Although a complete discussion is beyond the scope of this article, here are a few interesting highlights of scientific investigations into adaptations that occur during a taper. Although some changes are small the summation can have a strong effect on performance.
1) VO2 max, the best measure of aerobic performance, can increase during a taper. Some studies reported up to 5 – 6 % improvement.
2) Muscle glycogen has been shown to increase during a taper – provided the athlete is consuming a carbohydrate rich diet (~75% of caloric intake)
3) Improved economy of movement (the oxygen cost of exercise at a given submaximal exercise intensity) can also improve during a taper.
4) Improved mood and better sleep quality have been documented during a taper.
5) Rating of perceived exertion may decline during a taper. In other words athletes’ self-rated perception of effort indicated they felt less effort at a given workload (note: this is always a nice feeling).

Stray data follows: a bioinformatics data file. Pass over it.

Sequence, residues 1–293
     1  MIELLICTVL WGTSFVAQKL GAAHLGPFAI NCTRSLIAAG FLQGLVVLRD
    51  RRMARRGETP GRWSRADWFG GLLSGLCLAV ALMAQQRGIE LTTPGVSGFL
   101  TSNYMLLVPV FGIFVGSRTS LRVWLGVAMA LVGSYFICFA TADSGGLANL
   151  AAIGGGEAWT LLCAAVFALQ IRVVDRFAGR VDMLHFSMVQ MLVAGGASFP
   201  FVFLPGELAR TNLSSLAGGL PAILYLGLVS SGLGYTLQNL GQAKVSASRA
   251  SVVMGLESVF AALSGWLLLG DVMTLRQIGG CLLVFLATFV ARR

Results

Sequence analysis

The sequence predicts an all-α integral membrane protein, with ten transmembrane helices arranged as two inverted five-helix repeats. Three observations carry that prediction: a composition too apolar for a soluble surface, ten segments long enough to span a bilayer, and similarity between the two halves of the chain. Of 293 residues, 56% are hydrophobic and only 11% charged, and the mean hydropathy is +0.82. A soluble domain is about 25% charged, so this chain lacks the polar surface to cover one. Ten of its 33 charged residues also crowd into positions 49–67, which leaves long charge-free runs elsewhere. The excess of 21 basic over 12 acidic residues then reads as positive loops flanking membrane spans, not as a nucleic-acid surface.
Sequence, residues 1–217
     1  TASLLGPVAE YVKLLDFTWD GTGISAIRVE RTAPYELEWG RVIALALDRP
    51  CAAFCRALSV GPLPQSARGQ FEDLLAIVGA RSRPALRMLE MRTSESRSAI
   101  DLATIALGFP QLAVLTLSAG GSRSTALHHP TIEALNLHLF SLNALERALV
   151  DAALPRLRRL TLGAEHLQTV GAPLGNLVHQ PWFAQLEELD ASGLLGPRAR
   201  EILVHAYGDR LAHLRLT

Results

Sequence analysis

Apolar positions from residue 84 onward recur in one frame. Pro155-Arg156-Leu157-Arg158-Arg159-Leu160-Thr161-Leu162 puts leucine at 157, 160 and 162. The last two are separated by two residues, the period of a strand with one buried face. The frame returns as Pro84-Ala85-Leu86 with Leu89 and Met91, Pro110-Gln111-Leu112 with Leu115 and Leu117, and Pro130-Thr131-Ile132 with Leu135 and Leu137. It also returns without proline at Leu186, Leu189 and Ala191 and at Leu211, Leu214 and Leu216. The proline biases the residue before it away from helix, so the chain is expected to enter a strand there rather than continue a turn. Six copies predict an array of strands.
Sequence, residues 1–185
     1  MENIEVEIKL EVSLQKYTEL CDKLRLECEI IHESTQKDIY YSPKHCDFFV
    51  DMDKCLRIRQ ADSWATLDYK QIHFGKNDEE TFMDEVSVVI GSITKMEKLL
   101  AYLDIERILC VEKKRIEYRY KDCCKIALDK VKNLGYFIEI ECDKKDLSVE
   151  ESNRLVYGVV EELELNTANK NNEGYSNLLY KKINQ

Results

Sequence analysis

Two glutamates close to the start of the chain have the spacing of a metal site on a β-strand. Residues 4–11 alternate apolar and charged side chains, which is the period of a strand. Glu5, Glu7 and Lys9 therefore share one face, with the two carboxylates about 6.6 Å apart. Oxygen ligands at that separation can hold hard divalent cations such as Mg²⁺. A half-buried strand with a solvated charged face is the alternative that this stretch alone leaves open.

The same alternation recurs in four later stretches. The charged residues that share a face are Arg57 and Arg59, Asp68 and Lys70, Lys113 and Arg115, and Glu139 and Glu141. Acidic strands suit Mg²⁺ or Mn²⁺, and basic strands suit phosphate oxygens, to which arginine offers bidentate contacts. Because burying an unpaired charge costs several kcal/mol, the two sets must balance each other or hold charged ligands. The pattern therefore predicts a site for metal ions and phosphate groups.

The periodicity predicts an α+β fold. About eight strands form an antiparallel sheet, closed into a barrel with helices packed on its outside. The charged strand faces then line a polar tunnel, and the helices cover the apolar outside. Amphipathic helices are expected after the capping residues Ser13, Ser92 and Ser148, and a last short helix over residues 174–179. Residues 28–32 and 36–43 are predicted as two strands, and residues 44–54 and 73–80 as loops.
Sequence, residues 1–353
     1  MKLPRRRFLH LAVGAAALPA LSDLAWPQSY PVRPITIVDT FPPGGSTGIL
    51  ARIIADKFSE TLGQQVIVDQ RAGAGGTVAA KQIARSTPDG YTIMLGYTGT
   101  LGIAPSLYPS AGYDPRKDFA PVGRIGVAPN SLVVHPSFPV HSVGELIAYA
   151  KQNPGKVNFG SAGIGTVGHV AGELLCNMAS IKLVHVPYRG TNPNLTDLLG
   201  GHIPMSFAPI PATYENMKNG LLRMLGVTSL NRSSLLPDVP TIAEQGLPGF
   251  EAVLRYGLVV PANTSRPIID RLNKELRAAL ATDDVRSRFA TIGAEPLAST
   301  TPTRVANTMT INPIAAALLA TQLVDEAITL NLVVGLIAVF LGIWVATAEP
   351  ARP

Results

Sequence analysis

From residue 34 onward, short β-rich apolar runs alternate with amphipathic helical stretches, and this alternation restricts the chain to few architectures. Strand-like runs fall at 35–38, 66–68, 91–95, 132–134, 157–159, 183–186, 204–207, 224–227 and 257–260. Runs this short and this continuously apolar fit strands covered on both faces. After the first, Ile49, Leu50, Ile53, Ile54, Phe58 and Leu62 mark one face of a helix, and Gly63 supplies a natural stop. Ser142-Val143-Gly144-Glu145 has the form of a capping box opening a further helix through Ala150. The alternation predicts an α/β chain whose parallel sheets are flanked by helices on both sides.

How do I taper for an event?
For endurance athletes, “tapering” refers to a decrease in training volume (amount) leading up to competitions. In the past, most coaches had athletes reduce both the volume and intensity (effort) of training prior to competition, but all that changed when a group of researchers at McMaster University in Canada conducted a ground-breaking study on the affects of various tapering strategies. The results of this work, and more that followed, showed dramatic endurance benefits in runners who drastically cut their training volume but added high intensity interval training sessions in the week prior to competition.
Tapering can lead to odd thoughts about your fitness or potential niggles.
Most tapering strategies today use this research as a foundation, but there are a variety of methods and schedules available for every athlete and every competition.